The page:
5. Coming up: Chinese growth data

Illustration: Eniola Odetunde/Axios

China's second quarter GDP is out Wednesday night, writes Axios' Courtenay Brown.

Why it matters: The figures will show whether — and by how much — China's economic activity bounced back. It was the first country to deal with the coronavirus pandemic, and in late March started loosening its lockdown measures. (Some were partially reimposed in June.)

By the numbers: Analysts estimate China's economy grew 3% year-over-year, per FactSet, after shrinking 6.8% in Q1. The China Beige Book, on the other hand, a survey of 3,300 Chinese businesses, predicts the economy contracted again in Q2.

  • Of note: If analysts' estimates are right, the rebound would still be a marked slowdown from China’s pre-pandemic growth. China's economy grew 6% year-over-year in the fourth quarter of last year.

6. Building of the week: 20 Front St., Port Jervis, N.Y.

Photo: Myriam Lopez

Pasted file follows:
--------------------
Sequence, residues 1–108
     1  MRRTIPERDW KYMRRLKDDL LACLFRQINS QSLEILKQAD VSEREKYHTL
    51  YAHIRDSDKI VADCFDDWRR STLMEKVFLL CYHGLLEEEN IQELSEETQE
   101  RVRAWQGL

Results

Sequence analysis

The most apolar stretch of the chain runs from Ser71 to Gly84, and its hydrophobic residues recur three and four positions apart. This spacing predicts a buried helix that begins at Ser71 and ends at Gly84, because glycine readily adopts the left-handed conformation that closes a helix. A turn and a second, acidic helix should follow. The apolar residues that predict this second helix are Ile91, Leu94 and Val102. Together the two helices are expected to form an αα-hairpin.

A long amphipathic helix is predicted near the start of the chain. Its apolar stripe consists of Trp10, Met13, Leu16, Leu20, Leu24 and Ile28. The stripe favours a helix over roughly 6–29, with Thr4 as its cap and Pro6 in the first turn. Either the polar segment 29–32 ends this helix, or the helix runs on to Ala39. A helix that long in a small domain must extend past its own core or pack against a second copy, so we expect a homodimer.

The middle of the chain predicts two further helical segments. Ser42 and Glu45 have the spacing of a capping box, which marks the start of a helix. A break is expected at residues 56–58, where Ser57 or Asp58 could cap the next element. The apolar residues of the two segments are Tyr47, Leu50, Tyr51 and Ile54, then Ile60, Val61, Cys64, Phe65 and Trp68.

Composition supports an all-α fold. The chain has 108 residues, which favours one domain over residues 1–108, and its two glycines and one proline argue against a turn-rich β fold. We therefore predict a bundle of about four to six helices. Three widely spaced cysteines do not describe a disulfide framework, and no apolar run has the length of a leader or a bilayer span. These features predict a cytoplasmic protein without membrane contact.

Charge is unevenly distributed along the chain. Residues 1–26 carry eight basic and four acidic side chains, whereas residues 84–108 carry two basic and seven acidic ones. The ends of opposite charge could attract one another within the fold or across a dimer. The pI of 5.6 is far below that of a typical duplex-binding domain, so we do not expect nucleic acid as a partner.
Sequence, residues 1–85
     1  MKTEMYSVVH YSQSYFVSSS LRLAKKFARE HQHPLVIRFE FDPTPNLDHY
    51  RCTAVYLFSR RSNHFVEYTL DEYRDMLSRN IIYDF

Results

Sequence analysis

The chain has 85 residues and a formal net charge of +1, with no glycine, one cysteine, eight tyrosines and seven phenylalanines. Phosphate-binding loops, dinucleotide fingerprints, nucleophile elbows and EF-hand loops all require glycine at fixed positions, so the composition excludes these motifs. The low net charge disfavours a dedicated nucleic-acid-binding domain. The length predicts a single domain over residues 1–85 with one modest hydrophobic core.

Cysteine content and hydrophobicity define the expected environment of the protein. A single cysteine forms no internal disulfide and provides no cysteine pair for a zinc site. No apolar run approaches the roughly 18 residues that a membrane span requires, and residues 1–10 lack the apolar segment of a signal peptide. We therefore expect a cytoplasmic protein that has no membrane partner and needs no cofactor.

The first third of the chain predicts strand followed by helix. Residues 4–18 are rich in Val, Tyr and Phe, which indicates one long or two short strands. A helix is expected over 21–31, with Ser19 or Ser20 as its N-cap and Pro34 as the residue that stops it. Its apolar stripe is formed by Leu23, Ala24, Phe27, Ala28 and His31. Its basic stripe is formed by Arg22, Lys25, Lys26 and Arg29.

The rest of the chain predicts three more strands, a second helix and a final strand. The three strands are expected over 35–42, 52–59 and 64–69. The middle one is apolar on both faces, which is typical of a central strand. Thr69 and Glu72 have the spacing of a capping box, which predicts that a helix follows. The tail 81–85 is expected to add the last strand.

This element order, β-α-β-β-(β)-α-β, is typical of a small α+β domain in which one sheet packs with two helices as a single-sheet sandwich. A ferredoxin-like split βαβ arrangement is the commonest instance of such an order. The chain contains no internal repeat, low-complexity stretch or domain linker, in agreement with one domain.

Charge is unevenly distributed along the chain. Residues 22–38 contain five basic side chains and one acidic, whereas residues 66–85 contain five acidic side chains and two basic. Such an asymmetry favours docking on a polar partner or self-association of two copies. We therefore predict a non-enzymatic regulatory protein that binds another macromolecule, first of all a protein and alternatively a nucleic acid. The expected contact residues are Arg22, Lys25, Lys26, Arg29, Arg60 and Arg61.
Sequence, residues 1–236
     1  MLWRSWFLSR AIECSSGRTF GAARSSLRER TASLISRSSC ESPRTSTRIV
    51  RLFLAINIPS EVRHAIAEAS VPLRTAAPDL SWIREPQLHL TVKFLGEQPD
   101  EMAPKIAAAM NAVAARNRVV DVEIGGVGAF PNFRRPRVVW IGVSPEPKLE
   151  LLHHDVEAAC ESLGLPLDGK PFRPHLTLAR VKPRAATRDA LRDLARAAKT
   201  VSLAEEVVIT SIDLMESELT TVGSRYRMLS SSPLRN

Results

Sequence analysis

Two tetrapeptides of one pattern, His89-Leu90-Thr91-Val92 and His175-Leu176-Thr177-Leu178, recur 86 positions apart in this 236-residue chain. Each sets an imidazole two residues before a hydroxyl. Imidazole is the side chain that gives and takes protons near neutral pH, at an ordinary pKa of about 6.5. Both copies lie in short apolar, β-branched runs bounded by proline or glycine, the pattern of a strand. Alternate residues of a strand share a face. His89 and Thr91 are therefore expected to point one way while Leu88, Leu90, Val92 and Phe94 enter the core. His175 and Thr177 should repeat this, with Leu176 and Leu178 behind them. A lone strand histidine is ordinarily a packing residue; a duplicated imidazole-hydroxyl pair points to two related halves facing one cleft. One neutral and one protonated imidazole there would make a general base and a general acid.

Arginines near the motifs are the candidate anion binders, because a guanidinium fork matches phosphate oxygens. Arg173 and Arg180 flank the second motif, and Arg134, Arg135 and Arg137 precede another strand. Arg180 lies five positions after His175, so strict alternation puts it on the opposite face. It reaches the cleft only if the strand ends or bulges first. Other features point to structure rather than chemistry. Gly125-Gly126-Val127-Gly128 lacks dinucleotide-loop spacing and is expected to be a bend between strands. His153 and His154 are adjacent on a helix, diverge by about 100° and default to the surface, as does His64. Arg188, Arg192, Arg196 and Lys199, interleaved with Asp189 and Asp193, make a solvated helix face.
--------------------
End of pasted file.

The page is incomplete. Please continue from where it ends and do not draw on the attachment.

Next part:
The fourth home for the National Bank of Port Jervis was built in 1926, after the bank had outgrown previous buildings erected in 1852, 1865, and 1914.

  • Its 8-foot-high clock chimed the hours and quarter hours, and could be heard "for several blocks," according to a contemporary news report. "In view of the fact that Port Jervis has no chimes," the paper said, "the officers and directors of the National Bank of Port Jervis are to be commended for their enterprise and forethought in providing them."
  • An early industrial hub, Port Jervis lies north of the Delaware Water Gap, at the confluence of New York, New Jersey and Pennsylvania. The bank committed itself "to use our funds in the uplift of any and all parts of our community, irrespective of race, religion, or nationality."
  • The bank was later converted to a nightclub, and is now for sale, asking $535,000.